Health Law Daily Hospitals cannot strike down FAQs and a Final rule too
Wednesday, April 19, 2017

Hospitals cannot strike down FAQs and a Final rule too

By Bryant Storm, J.D.

There is no basis to alter judgment in a case based upon an agency action that is not referenced in the complaint and did not exist at the time of the judgment, a federal district court held. The court rejected the argument raised by hospitals and a hospital association that the court could rule on the HHS payment policies contained in an April 3, 2017 HHS Final rule because it constituted an intervening change in law regarding reimbursement policy for disproportionate share hospitals (DSHs)—the subject matter of the ongoing litigation. The court held that the judgment the hospitals sought to alter was based upon a challenge to a different agency action—CMS’s responses to FAQs 33 and 34 on its website regarding the calculation of the hospital-specific DSH limit. The court explained that the April 3, 2017 Final rule was a new agency action which could be challenged in a separate litigation, but could not be ruled upon in the context of the FAQ litigation (New Hampshire Hospital Association v. Price, April 18, 2017, McCafferty, L.).

DSH payment. Under Medicaid law, DSHs receive increased payments because they treat a disproportionate share of Medicaid patients. To monitor DSH payments, Congress enacted a requirement that each state provide an annual report and audit on its DSH program to the HHS Secretary. In 2008, CMS promulgated a Final rule (73 FR 77904) requiring states to annually submit information "for each DSH hospital to which the State made a DSH payment." In 2010, CMS posted answers on its website to FAQs designed to clarify the audit and reporting requirements of the 2008 Final rule. CMS’s responses to FAQs 33 and 34 provided that, in calculating the hospital-specific DSH limit, a state must subtract payments received from private health insurance (FAQ 33) and Medicare (FAQ 34) for dually-eligible Medicaid patients from the costs incurred in providing hospital services to those patients.

Judgment. Several hospitals and the New Hampshire Hospital Association challenged the FAQs, asserting that they were unreasonable interpretations of the Medicaid Act (42 U.S.C. § 1396 et seq.). Initially, the court granted the hospitals and hospital association’s request for a preliminary injunction, finding that the association may succeed on the merits of its suit (see CMS unable to recoup so-called DSH overpayments from New Hampshire hospitals, March 14, 2016). Subsequently, the court granted summary judgment for the hospitals and hospital association on the grounds that the FAQs contradicted the plain language of the Medicaid Act and violated the Administrative Procedure Act (see FAQs aren’t a substitute for regulations, Mar. 3, 2017).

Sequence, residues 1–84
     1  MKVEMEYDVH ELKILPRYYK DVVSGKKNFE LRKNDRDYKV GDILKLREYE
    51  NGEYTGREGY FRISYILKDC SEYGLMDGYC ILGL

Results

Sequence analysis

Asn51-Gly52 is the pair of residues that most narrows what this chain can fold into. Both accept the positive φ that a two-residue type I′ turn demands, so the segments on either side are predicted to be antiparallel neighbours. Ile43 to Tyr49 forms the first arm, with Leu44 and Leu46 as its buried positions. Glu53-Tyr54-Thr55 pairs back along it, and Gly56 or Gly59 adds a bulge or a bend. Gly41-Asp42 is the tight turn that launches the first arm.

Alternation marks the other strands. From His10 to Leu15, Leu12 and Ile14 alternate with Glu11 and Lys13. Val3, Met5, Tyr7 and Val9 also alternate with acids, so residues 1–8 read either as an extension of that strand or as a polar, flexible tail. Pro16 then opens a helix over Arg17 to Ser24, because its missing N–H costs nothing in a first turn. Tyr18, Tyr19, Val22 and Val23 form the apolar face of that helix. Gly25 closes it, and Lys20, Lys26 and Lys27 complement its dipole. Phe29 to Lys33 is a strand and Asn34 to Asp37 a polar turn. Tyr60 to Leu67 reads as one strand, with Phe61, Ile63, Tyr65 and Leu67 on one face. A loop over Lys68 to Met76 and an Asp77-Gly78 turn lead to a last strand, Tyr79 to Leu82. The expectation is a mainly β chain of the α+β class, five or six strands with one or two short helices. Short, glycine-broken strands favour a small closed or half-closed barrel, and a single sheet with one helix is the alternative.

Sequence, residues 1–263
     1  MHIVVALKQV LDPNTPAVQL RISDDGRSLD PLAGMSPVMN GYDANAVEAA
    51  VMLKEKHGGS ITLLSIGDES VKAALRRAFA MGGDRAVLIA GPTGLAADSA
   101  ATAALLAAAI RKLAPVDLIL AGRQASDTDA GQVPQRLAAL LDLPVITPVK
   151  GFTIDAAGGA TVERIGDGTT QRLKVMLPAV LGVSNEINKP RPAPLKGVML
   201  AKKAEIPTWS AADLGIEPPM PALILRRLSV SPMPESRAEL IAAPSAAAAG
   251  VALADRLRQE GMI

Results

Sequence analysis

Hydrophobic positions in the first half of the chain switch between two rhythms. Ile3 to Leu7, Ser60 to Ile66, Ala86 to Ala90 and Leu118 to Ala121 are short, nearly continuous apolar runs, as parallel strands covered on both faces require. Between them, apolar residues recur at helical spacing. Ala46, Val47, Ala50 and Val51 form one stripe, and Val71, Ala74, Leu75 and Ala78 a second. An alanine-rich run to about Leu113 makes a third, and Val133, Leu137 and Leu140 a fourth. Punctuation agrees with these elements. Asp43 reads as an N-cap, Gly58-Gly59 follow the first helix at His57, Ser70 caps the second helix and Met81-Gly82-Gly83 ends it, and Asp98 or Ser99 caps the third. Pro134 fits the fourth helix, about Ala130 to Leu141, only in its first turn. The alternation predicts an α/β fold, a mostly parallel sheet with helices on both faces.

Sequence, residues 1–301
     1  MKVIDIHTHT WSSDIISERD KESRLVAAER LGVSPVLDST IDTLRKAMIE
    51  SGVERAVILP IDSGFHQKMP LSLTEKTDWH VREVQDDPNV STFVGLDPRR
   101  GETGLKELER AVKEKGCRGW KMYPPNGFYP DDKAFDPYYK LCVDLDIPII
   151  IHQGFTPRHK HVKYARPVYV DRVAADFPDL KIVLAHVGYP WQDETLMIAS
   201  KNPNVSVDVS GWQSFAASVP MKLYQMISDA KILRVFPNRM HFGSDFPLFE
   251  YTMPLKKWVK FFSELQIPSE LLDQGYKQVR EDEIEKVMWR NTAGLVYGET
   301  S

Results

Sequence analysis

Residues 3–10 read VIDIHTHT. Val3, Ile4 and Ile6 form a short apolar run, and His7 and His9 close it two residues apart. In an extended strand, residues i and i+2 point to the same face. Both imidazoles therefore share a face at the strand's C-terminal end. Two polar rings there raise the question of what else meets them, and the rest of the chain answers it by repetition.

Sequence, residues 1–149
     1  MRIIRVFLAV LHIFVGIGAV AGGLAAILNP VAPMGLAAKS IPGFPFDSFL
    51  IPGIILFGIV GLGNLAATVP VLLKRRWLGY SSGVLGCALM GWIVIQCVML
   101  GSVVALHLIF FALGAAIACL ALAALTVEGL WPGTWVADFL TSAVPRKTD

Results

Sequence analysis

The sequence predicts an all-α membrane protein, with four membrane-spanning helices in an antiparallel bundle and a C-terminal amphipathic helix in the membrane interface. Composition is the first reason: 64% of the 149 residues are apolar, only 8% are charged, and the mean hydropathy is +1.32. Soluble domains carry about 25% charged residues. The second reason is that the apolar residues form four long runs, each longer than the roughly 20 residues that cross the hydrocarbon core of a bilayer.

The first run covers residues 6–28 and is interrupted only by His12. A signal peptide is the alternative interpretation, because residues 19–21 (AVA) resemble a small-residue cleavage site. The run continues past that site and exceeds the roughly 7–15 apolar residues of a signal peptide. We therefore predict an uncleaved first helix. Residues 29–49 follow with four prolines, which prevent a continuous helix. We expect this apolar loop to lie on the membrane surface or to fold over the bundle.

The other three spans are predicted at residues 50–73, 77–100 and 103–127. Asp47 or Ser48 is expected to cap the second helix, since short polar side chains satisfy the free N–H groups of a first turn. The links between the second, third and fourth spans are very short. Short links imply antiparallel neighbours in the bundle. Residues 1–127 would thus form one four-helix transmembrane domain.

Final rule. On April 3, 2017, HHS published a Final rule (82 FR 16114) amending the 2008 Final rule and its regulations (42 C.F.R. Sec. 447.299). Specifically, the 2017 Final rule defines the term "costs" to mean the "net of third party payments, including, but not limited to, payments by Medicare and private insurance." In other words, the Final rule adopts the policy set out in FAQ 33 and FAQ 34. The hospitals and hospital associations requested that the court amend its earlier judgment to establish that the policies of the April 3, 2017 Final rule are inconsistent with Medicaid law and are impermissible substantive interpretations, rising beyond the level of clarification of existing law. The court denied the request on the grounds that the hospital and hospital association offered no support accounting for why the court had authority to alter or amend its judgment and because the April 3, 2017 Final rule was not the administrative action at issue in the litigation. The 2017 Final rule was issued after the court issued the judgment the hospitals sought to amend. Thus, the court held, a motion to alter or amend judgment was not the appropriate vehicle to challenge the 2017 Final rule.

The case is No. 1:15-cv-00460-LM.

Attorneys: W. Scott O'Connell (Nixon Peabody LLP) for New Hampshire Hospital Association, Mary Hitchcock Memorial Hospital, LRGHealthcare, Speare Memorial Hospital, and Valley Regional Hospital, Inc. James C. Luh, U.S. Department of Justice, for Thomas E. Price, Secretary, U.S. Department of Health and Human Services.

Companies: New Hampshire Hospital Association; Mary Hitchcock Memorial Hospital; LRGHealthcare; Speare Memorial Hospital; Valley Regional Hospital, Inc.; U.S. Department of Health and Human Services

MainStory: TopStory CMSNews DSHNews MedicaidNews EligibilityNews PaymentNews NewHampshireNews

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